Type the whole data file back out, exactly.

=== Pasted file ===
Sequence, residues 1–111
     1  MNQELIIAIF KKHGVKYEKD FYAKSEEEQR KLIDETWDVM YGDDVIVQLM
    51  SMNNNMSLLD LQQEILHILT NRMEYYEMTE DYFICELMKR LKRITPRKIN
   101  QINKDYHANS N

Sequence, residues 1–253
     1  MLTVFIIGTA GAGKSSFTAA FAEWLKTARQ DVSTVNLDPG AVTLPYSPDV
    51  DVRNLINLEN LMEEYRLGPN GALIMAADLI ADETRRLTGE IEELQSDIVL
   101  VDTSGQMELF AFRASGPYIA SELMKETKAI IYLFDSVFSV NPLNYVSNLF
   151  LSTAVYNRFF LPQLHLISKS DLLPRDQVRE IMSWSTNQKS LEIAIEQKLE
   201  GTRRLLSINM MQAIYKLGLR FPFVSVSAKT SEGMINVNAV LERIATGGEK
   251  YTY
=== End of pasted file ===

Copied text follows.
Sequence, residues 1–111
     1  MNQELIIAIF KKHGVKYEKD FYAKSEEEQR KLIDETWDVM YGDDVIVQLM
    51  SMNNNMSLLD LQQEILHILT NRMEYYEMTE DYFICELMKR LKRITPRKIN
   101  QINKDYHANS N

Sequence, residues 1–253
     1  MLTVFIIGTA GAGKSSFTAA FAEWLKTARQ DVSTVNLDPG AVTLPYSPDV
    51  DVRNLINLEN LMEEYRLGPN GALIMAADLI ADETRRLTGE IEELQSDIVL
   101  VDTSGQMELF AFRASGPYIA SELMKETKAI IYLFDSVFSV NPLNYVSNLF
   151  LSTAVYNRFF LPQLHLISKS DLLPRDQVRE IMSWSTNQKS LEIAIEQKLE
   201  GTRRLLSINM MQAIYKLGLR FPFVSVSAKT SEGMINVNAV LERIATGGEK
   251  YTY